Prosser: “I think if you’re happy with what’s currently going on in the city of Stevens Point, then it’s pretty simple — you can vote for the incumbent and you we’ll continue on in the way we are. However, for the city to continue to make progress we need to move away from what I see as a social agenda that we seem to be following, and move back to the thought of ‘what do people band together and pay taxes for to form a city?’ — That’s essential city services. …as I move around District the thing that’s least understood is the taxes, and why are taxes so high? We haven’t done a good job on educating the citizens about why we have to have the money that we take from them. — we need to better educate the voters within this district. I think that I can help with that. I think many of the questions that we face today have answers that sit in Madison — and eventually, the political change will come about in Madison, and we need to be primed and ready to work with folks down there to help solve some of these problems.”
Schulist: “I feel that I would bring a new lens, and as many of my supporters stated, ‘new blood’, and a diversity to city council. I have a very diverse work experience working in corporate America — business negotiations, managing multi-million dollar budgets, bringing marketing to life, managing multi-functional teams, which I think would be unique and hopefully help the city council. I have a strong desire to serve my community and ensure prosperity for today, and years to come. I have been told that I am a good listener, and will take feedback into actionable results. If elected, I pledge to serve and represent the constituents of District 8 fairly and in a timely manner. I would also promote transparency and communication via multiple modes of communication. I also pledge to bring an open mind, open ears, and listen to all sides of the situation before making decisions and representing the values of District 8. I have no personal agenda — I think we all want to make Stevens Point the best place it can be and that is the reason I am running.”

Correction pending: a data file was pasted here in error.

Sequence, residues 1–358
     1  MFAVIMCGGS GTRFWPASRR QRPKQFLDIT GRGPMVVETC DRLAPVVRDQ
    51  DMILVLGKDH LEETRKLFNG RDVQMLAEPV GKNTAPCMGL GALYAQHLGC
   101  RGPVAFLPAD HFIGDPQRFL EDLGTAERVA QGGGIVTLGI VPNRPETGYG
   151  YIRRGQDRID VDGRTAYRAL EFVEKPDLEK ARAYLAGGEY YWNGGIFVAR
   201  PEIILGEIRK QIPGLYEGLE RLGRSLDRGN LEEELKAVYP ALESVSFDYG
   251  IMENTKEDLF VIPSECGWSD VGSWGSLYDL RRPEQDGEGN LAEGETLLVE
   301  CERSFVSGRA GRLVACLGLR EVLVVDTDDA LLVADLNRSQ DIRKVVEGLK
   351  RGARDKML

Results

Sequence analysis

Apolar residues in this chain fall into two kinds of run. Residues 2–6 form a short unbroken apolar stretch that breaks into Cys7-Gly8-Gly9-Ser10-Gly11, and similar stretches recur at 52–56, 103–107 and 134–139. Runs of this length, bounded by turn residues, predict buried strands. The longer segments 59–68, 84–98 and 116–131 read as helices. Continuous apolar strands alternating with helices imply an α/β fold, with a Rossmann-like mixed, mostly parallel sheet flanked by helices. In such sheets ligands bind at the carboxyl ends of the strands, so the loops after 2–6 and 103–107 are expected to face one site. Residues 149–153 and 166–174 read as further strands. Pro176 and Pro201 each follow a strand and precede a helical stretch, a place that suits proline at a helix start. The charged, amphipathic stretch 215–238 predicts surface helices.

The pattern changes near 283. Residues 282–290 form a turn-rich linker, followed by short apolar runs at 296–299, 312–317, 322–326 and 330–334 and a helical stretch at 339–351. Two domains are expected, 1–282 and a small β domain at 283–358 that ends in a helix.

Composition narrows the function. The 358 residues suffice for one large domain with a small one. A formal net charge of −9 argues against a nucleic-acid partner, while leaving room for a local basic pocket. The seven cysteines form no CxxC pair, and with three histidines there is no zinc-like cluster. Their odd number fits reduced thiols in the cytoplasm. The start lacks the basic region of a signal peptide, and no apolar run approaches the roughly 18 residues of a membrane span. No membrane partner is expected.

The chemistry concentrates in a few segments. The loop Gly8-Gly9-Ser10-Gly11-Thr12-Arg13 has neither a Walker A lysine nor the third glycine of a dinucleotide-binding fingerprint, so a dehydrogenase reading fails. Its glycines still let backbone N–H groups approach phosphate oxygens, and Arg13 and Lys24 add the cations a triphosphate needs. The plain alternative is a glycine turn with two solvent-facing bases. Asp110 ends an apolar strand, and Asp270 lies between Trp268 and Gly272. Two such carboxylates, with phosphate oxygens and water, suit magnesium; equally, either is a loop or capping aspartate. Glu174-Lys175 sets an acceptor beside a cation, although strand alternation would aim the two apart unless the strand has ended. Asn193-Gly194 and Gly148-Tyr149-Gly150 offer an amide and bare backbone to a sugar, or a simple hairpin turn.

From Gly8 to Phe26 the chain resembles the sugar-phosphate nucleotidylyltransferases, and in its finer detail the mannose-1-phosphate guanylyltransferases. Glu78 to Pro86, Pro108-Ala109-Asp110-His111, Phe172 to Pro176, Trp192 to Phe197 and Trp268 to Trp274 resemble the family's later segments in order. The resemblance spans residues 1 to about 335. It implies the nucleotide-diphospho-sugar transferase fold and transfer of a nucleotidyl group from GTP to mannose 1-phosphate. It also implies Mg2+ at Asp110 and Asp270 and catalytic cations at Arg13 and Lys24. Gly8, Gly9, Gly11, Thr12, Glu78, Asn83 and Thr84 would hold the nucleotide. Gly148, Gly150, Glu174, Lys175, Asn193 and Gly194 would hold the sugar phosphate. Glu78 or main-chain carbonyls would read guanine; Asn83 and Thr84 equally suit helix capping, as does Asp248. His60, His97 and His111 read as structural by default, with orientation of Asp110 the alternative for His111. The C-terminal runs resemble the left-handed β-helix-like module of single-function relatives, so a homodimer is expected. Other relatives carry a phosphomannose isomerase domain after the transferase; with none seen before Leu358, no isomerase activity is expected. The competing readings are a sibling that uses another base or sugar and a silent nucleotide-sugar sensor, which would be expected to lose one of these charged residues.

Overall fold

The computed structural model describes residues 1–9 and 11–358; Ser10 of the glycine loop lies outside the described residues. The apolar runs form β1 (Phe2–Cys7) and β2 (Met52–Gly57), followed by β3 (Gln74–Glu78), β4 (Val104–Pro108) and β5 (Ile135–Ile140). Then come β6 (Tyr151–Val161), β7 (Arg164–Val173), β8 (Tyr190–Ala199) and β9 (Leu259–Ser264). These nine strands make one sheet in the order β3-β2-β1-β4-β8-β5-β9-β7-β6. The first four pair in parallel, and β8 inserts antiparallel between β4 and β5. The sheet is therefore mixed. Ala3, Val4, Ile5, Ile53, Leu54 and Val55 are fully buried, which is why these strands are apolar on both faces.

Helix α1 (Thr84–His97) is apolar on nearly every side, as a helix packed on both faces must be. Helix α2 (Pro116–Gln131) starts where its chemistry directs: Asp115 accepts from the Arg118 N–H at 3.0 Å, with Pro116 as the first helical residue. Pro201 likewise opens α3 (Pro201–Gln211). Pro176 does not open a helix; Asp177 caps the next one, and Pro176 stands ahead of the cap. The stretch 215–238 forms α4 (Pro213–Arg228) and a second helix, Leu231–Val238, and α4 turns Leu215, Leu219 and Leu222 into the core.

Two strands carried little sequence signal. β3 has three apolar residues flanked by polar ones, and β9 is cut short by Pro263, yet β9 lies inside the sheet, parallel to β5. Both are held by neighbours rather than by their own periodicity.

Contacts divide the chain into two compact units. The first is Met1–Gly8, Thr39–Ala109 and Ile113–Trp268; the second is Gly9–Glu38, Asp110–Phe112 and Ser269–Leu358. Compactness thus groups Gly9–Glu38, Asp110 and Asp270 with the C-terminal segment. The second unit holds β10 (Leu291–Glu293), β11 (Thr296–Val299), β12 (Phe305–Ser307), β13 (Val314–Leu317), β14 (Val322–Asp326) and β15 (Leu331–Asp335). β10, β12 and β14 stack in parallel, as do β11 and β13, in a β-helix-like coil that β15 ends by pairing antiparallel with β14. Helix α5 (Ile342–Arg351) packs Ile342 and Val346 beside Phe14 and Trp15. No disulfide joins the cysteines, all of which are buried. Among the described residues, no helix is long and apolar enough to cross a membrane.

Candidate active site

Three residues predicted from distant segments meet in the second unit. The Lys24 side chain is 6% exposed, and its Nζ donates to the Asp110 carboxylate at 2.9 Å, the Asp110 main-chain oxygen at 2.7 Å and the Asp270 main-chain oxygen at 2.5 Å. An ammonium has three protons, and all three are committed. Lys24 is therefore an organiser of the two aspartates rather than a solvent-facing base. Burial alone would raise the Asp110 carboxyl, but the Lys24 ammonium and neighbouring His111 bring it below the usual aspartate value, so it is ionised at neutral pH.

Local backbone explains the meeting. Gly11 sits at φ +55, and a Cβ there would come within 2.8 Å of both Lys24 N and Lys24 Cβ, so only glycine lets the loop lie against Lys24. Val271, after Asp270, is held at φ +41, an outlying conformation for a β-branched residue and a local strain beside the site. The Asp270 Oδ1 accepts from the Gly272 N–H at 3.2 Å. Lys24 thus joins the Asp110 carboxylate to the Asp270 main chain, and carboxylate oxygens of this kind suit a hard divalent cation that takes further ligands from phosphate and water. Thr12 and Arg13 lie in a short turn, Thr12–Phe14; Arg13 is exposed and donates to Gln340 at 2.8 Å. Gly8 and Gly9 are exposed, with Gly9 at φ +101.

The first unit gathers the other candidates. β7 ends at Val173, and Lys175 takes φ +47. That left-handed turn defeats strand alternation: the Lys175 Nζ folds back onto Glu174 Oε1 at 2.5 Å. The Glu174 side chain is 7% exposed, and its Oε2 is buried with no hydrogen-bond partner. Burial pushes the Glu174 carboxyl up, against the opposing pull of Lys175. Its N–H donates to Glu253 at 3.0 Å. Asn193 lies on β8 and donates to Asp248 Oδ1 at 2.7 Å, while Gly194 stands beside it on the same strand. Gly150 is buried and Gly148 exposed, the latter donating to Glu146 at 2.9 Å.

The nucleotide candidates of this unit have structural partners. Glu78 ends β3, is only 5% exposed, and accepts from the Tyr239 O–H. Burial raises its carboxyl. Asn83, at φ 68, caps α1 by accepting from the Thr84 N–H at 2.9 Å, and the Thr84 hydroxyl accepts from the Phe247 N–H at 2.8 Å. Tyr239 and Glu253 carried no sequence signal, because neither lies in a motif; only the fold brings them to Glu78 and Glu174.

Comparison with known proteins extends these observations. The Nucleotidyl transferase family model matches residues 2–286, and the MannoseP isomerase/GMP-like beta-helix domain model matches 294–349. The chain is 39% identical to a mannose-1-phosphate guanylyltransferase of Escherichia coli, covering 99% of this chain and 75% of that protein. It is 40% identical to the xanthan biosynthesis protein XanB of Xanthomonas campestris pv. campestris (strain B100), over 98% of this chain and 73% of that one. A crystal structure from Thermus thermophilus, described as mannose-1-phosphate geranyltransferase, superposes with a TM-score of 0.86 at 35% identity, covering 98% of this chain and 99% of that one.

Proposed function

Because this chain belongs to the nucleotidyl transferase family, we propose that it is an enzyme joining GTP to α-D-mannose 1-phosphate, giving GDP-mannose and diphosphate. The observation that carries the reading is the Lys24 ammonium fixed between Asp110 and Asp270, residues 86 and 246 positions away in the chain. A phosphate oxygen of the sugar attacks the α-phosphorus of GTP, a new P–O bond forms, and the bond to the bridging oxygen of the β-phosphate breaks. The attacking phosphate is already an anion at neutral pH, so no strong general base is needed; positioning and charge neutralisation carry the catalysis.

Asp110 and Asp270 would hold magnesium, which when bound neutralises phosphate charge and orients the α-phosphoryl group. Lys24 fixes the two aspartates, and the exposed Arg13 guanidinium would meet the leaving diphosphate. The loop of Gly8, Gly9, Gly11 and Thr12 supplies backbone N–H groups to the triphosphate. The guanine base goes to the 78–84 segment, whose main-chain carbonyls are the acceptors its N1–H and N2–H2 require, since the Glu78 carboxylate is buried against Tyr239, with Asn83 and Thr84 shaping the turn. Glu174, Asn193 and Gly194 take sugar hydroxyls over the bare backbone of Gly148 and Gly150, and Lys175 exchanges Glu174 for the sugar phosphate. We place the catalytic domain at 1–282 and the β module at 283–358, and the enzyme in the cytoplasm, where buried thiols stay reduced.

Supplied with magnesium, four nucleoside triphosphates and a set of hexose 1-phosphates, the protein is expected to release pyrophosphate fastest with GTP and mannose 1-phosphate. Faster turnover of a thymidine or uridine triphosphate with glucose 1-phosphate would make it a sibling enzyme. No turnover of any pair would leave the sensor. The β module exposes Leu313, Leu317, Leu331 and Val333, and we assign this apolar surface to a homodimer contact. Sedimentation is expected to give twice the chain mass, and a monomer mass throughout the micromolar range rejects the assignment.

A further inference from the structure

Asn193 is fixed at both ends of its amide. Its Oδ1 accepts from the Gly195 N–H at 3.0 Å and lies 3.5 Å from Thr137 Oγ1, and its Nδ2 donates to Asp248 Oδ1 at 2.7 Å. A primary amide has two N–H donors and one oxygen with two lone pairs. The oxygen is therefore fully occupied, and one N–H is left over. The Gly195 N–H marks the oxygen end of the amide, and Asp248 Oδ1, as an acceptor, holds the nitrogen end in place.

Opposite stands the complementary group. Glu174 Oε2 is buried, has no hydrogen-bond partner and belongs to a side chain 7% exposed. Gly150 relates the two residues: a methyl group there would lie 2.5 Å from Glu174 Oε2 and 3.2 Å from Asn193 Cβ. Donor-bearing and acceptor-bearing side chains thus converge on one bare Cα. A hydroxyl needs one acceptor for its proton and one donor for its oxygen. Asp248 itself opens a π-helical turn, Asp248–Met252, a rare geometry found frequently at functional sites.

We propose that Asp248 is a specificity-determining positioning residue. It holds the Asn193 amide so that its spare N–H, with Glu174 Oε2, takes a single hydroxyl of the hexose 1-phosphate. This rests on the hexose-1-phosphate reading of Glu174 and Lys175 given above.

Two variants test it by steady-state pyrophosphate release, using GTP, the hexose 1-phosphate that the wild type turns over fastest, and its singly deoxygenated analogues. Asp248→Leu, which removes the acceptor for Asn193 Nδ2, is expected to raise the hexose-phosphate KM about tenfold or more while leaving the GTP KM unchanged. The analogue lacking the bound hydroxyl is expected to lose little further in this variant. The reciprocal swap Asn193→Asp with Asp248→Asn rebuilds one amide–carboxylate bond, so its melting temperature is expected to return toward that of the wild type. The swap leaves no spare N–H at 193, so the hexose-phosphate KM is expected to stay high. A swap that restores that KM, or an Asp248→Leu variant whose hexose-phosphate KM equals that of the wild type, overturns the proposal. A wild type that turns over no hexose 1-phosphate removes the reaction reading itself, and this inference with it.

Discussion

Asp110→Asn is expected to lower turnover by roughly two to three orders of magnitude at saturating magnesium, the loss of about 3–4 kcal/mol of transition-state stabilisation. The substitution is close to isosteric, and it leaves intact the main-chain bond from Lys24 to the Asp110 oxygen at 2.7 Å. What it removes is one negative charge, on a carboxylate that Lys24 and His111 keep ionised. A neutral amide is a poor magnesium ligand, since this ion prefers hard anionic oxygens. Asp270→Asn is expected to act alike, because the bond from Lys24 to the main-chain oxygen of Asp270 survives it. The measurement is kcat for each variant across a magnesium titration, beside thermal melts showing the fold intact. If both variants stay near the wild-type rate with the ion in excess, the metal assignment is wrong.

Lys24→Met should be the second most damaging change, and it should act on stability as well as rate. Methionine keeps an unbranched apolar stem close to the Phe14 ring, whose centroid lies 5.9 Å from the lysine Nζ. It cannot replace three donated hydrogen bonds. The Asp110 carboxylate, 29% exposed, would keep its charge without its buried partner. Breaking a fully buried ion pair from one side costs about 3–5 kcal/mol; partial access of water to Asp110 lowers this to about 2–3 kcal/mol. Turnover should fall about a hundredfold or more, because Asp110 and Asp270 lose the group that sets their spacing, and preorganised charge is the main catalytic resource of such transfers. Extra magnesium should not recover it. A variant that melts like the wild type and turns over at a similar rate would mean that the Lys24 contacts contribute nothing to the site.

Dugan: “I want you to know that we have had wonderful economic development in the city; robust new new growth, and I’m so proud to be a part of that. At the planning commission meeting this week the Mayor said that 2017 (development) was higher than the recent three to four years. We have not all big projects — [we have] small projects, and a really big project with the Sentry building going up. We’re doing really well, and when we have robust new growth, we get more city services.”
District 8 primaries take place on Feb. 20.